VentureBeat just published a lengthy piece about the history of the soon-to-IPO Zynga, and Mark Pincus, the entrepreneur behind the company. The VentureBeat article reports a lot of information and history (of course it is impossible to truly know all the details.) And yes, Zynga has drawn a lot of attention and criticism from all different angles. I’m not going to discuss any of that.
The article brought back memories of my earliest days of building apps on the F8 Facebook platform. I remember Craig Ulliot posting about hitting 250k downloads on his app and not knowing how to handle all of the traffic. Keep in mind this was 2007 — Facebook with about 35-40 million users was the #2 social network behind the heavyweight MySpace.
It was glaringly obvious to Mark Pincus (and some other early players) that social games were an enormous opportunity — while it seemed glaringly obvious to many others that the silly games and applications on Facebook were just a fad filled with notification spam. I remember many people in 2007/2008 who told me there was no future in Facebook applications/games — no money to be made. Some older people told me that Facebook was just a fad for college kids. And people who were excited about the potential of the Facebook platform kept asking when we would see “real” apps instead of just games. Fast forward to today — entire venture-backed companies try to enter the market by launching apps on the Facebook platform (and or on the iPhone platform.) According to the Wall Street Journal, venture capitalists invested $1.33 billion into gaming in the first three quarters of 2011, after investing $589 million in all of 2010. Things change quickly.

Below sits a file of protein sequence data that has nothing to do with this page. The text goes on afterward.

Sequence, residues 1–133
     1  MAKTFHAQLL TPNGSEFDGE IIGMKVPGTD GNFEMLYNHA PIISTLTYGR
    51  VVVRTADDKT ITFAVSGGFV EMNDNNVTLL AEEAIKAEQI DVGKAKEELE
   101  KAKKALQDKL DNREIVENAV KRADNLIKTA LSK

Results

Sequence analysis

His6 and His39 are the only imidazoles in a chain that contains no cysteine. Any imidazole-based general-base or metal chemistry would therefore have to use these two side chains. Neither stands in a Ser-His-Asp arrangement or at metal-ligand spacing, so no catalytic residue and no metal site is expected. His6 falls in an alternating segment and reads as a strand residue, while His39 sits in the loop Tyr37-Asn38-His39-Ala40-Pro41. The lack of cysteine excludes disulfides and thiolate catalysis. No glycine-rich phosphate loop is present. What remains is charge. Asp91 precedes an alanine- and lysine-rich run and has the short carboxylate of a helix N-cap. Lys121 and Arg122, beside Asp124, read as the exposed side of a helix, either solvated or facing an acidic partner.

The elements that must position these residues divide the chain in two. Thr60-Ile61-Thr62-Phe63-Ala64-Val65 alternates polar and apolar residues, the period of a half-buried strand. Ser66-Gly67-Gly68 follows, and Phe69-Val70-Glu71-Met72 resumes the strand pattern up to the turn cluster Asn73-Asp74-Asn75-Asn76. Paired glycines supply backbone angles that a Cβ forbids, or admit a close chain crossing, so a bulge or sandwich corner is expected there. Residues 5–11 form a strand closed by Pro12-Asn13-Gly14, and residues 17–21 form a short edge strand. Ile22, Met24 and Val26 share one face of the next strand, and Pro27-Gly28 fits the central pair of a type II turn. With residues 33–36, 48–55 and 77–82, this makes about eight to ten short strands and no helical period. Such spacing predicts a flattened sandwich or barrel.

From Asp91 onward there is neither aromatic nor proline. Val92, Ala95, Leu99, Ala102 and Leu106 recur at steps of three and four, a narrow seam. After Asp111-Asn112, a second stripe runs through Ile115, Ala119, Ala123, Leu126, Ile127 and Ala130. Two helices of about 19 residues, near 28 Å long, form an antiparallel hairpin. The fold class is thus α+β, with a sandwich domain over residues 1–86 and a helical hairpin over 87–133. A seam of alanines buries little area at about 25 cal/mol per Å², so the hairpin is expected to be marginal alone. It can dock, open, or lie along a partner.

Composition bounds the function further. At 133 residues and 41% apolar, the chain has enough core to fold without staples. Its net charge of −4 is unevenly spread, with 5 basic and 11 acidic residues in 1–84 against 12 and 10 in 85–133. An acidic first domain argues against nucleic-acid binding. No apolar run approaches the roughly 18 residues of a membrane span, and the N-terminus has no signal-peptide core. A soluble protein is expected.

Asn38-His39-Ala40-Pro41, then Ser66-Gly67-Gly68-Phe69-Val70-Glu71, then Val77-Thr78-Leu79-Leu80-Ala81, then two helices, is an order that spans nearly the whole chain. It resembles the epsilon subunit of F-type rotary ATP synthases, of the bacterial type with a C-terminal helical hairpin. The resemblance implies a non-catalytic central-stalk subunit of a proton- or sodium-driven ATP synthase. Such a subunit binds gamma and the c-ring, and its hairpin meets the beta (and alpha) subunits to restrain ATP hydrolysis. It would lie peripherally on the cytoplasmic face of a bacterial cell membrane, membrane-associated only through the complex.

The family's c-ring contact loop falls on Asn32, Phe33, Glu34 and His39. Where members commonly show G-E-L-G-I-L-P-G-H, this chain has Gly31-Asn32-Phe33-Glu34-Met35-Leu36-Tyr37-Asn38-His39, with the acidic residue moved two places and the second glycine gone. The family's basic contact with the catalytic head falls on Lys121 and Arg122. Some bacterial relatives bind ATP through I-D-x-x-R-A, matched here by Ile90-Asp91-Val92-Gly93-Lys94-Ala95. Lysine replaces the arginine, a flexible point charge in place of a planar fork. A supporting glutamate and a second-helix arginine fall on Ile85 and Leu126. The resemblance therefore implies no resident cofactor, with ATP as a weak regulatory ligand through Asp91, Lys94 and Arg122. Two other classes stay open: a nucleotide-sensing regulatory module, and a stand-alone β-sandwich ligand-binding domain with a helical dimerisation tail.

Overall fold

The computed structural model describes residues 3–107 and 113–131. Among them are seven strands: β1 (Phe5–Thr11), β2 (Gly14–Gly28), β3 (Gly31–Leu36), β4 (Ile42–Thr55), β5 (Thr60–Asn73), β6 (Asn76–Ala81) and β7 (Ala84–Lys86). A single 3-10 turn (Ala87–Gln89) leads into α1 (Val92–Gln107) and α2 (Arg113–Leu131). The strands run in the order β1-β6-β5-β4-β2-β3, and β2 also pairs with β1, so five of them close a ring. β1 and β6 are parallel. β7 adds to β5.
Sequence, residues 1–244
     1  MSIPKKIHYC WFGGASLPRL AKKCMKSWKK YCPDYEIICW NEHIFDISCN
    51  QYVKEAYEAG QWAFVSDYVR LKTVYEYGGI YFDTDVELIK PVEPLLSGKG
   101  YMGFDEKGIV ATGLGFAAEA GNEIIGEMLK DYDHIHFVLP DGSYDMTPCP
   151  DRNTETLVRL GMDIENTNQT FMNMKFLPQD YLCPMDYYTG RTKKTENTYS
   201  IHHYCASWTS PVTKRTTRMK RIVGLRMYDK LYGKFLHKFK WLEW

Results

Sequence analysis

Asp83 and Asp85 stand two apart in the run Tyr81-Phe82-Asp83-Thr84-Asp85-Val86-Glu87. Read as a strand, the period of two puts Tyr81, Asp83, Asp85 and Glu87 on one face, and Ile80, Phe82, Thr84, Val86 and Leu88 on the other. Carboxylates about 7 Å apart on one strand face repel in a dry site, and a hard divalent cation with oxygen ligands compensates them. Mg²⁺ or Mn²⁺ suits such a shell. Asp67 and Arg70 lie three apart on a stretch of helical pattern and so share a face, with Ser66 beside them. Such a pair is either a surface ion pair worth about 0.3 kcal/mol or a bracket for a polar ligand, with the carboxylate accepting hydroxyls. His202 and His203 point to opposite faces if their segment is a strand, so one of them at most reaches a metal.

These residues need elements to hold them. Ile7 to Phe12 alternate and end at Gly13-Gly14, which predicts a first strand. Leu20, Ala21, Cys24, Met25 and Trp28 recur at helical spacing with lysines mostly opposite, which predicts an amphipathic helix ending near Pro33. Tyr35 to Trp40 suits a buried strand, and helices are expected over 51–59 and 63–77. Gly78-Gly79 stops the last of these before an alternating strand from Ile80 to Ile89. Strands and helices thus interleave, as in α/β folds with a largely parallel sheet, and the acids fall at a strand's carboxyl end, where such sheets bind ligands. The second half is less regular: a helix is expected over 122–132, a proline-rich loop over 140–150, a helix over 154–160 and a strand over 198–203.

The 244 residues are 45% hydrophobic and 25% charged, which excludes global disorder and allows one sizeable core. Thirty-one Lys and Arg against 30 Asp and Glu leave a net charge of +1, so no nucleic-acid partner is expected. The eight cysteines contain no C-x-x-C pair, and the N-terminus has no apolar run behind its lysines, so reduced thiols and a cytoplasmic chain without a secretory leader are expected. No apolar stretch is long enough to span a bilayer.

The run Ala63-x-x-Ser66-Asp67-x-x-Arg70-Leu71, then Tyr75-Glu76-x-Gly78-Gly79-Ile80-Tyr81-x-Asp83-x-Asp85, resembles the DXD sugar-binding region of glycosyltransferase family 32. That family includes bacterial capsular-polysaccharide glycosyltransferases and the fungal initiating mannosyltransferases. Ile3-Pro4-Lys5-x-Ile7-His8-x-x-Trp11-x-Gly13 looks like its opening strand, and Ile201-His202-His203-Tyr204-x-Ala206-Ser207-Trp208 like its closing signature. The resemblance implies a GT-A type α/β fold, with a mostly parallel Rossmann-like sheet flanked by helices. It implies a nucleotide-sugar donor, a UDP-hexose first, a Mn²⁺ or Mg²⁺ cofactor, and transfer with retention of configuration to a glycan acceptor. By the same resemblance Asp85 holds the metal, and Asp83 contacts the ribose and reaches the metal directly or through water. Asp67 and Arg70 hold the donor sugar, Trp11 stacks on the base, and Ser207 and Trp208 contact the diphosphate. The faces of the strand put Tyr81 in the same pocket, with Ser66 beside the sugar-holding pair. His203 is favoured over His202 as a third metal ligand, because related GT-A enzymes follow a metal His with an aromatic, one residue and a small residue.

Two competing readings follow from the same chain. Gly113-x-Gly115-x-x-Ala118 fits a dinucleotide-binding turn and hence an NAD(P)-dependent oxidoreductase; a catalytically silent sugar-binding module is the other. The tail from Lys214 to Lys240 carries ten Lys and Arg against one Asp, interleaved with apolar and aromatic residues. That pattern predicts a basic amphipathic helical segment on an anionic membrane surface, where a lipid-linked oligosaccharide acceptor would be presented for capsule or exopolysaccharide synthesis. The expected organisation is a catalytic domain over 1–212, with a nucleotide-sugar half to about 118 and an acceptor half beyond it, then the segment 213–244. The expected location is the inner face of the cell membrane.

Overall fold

The VentureBeat article reminded me how Zynga consistently raised big money ahead of everyone else time and time again. Zynga also focused heavily on the #2 Facebook rather than the spam-cluttered/creepy MySpace (seems so obvious in hind sight right?). Zynga did so while the media/pundits preached doubt about the viability of the social gaming business, while competitors failed to grasp the size of the market opportunity, and way before gaming incumbents even knew what was going on. Zynga raised a war-chest to go after what they could see was/is an enormous opportunity, while incumbent gaming companies did not view Zynga as a real threat or competitor. By the time the rest of the world fully realized the opportunity, Zynga was already miles ahead.
The takeaway is about being at the edge — by no means an easy place to be. This applies across areas like technology, entrepreneurship, and investing. The edge is the land of uncertainty — where everyone tells you what you are doing makes no sense, will not work, is too small, is not interesting, will not make money, etc. And often they are right. Many ideas, products, investments, and companies on the edge fall off into nothingness. Yet the edge is where you have to be to spot the obvious-in-hindsight big time changes before everyone else does. The edge is where you catch the big wave. [Or the edge is where you step out of the way for an impending storm.] The edge is where you can react to what is coming before everyone else. If you wait for the time when things are clear and obvious and everyone around you nods in agreement that there is a tremendous opportunity approaching, you are no longer on the edge. You are too late.